Being vaccinated doesn't change anything stated above (but who knows, it might in the future).

Now, double-check everything I told you!

For Australian information,

For United States information,

Josh Pugh

Josh Pugh

Josh is a business founding, digital marketing focused, charity driving, community builder from South Australia, living in New York City. After moving in 2017, Josh realized that there was an opportunity to curate and help the community of expats who moved to the United States – and launched America Josh. Josh is also the President of Variety – the Children's Charity of New York, Secretary at The Mateship Foundation, and Founder & CEO at Fortnight Digital.View Author posts

22 thoughts on “Can I leave the US? Return to the US? Enter Australia? Leave Australia? 2024”

  1. Hi Josh, thanks for spelling all of this out! I just got my Australian Citizenship a couple of months ago. I’m American and have been living in Oz for 10 long years. I’m not vaxxed and have family that need my help back home. I planned on buying a one way ticket but it sounds like you have to purchase a round trip to prove you’ll be away for more than 3 months? Is this the case? I’m considering renouncing my citizenship if I need to. As a dual citizen Australia shouldn’t have the right to prevent me to return to my country of origin. Have you heard of anyone taking a legal route with this? Thanks!

  2. Hi Josh,
    Do you still have a contact at Liberty travel to help with flights to Australia, with the current restrictions in Australia it looks like a lot of flights have been cancelled and there is little flexibility. Thanks

  3. Hi Josh….If my partner who is PR in Australia and US Citizen gets an exemption to travel home to see his elderly parents, what is the chance of me going with him? Have you heard any situations like this?

    1. Hey Simon! That’s a good question. Leaving Australia is obviously difficult, but if you can show why you need to be there, and that you will be away for 3+ months, you may have a chance! It would be worth contacting the Dept of Home Affairs.

  4. Thanks Josh, sorry nope life, work home etc all in NJ USA……
    Yes she has that standard ETA visa approval open until August 2022….

  5. Thanks Josh, this update was extremely helpful…. A couple of questions, hopefully someone can help with is as follows,
    1/ I am booked (I’m a dual citizen AUS/USA) for December to fly to Melbourne (now im broke, lol) with my American wife, when do I apply for her to enter Australia now or closer to the time!
    2/ Also same for our approval to leave to come back home to the USA now or closer to the travel time, it looked like I could NOT apply as of yet?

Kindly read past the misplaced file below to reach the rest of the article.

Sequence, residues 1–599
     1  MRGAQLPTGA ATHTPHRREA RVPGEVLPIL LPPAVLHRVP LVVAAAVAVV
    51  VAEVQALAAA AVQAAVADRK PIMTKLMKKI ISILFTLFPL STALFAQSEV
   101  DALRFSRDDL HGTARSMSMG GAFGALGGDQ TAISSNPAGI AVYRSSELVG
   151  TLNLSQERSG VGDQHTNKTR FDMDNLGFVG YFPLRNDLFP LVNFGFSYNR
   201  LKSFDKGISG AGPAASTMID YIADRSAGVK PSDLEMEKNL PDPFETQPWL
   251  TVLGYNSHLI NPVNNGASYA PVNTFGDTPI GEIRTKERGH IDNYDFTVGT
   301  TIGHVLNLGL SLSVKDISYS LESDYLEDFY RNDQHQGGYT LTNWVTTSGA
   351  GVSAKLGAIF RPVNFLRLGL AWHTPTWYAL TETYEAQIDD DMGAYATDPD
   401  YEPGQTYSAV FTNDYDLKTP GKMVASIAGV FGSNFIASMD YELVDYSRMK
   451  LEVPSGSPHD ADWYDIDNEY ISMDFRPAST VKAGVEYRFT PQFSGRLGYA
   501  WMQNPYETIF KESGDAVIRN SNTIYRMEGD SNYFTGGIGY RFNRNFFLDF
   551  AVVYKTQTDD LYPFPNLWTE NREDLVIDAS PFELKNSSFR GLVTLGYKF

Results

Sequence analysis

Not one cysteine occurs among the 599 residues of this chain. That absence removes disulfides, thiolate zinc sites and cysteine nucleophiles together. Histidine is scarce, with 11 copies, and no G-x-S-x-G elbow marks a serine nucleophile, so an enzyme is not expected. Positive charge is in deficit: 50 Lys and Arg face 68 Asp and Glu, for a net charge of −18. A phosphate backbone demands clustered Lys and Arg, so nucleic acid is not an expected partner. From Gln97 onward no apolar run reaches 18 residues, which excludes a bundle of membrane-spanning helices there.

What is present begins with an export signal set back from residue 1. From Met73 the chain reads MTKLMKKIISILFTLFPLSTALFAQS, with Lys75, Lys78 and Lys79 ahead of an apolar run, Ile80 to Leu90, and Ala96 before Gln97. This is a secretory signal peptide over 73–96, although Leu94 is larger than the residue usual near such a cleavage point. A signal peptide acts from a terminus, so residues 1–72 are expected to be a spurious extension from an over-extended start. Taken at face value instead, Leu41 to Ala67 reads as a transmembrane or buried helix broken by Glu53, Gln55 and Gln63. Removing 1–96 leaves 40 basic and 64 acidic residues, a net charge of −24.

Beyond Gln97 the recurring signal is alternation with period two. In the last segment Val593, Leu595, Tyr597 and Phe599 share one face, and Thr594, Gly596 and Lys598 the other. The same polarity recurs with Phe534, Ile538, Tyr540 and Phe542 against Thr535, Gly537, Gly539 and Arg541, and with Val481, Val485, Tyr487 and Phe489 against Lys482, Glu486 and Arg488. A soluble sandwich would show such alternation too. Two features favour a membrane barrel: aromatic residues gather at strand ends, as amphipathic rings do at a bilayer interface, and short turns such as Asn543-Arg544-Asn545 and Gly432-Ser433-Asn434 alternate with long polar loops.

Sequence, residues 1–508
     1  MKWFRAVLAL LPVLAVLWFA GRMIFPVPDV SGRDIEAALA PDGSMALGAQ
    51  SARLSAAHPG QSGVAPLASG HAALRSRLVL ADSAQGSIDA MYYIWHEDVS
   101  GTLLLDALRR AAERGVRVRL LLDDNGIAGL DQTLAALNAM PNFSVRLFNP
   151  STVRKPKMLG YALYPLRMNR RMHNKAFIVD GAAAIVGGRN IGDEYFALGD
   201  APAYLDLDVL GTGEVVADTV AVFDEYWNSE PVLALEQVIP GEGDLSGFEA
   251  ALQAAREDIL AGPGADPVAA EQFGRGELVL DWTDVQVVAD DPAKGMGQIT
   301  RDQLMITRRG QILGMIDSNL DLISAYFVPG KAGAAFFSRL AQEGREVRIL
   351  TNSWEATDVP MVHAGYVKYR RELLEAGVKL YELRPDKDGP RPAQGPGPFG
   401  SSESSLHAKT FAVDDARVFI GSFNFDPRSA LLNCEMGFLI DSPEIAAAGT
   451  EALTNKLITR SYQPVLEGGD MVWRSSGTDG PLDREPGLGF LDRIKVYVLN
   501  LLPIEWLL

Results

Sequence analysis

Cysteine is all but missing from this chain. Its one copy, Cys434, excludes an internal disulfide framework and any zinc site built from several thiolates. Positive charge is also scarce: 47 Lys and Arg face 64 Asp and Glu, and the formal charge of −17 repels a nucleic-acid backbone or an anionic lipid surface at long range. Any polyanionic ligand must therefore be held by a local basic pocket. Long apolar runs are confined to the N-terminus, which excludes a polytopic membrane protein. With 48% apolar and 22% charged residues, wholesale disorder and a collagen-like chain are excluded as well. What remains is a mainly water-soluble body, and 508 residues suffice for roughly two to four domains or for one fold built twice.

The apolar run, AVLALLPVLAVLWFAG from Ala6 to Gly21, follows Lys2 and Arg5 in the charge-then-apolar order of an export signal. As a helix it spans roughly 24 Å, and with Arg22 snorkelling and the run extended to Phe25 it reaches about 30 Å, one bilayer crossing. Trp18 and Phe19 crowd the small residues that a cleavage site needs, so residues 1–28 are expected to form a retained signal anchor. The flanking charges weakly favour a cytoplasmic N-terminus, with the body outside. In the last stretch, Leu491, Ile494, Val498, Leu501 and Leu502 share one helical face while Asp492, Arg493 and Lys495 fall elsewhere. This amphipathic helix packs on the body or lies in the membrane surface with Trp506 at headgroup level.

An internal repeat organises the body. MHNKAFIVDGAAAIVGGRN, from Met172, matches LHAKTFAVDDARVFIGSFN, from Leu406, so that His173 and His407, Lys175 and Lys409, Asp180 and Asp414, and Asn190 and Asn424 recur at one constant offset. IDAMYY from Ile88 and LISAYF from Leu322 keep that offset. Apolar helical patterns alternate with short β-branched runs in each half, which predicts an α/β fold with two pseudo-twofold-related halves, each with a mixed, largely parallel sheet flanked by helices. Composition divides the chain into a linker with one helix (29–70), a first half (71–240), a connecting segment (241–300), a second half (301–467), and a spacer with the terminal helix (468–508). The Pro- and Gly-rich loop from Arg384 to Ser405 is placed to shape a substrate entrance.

Thanks again

      1. Thanks Josh, sorry nope life, work home etc all in NJ USA……
        Yes she has that standard ETA visa approval open until August 2022….

  6. Hi Josh,

    Thanks for compiling all this info! If I’m reading this correctly as a duel Australian / US citizen planning a permanent move to the US. Would I be correct in thinking that I’ll have to put in for an exemption under the “you are travelling outside Australia for a compelling reason for three months or longer” section?


  7. Hi Josh, thanks for taking the time to outline everything. I’m an Australian-born citizen, I’ve lived in the US the past 15 yrs. I’m looking to return to Australia for the rest of the year, with my wife and kids who are American citizens. We’ve read a lot about non-Aus spouses/families being rejected entry. Have you read/heard anything about this?


  8. Hi….I have dual citizenship…Oz & USA. I have lived in USA for 20+ years. I am wanting to go back to Oz to see my elderly Mum. I think I do not need an exemption to enter or to leave Australia. ( this would be a trip of about a month.

  9. I am Aussie by birth but do have dual citizenship – I need to get back to the USA around July/August. I’m anticipating I can leave the Oz as I do have US citizenship, but my dilemma then is, how difficult would it be to get back to Australia if needed (my dad is elderly and not well).

    1. Hi Sharon, it is my understanding that dual citizens are treated as Australian citizens for the purposes of these limitations. Therefore, unless you fit into one of the exemption categories or you have “normally resided outside of Australia”, you will not be able to leave Australia. This is because when you leave, you leave on your Australian passport, not your US one.

      If you are able to leave, you should have no issue returning though, as you are a citizen and can enter the country.

  10. Does anyone have any experience with applying for exemptions to leave Australia? Are they quite strict?

    I have my E3 visa already (my company has offices in both AU and US) but would need to apply for an exemption to leave.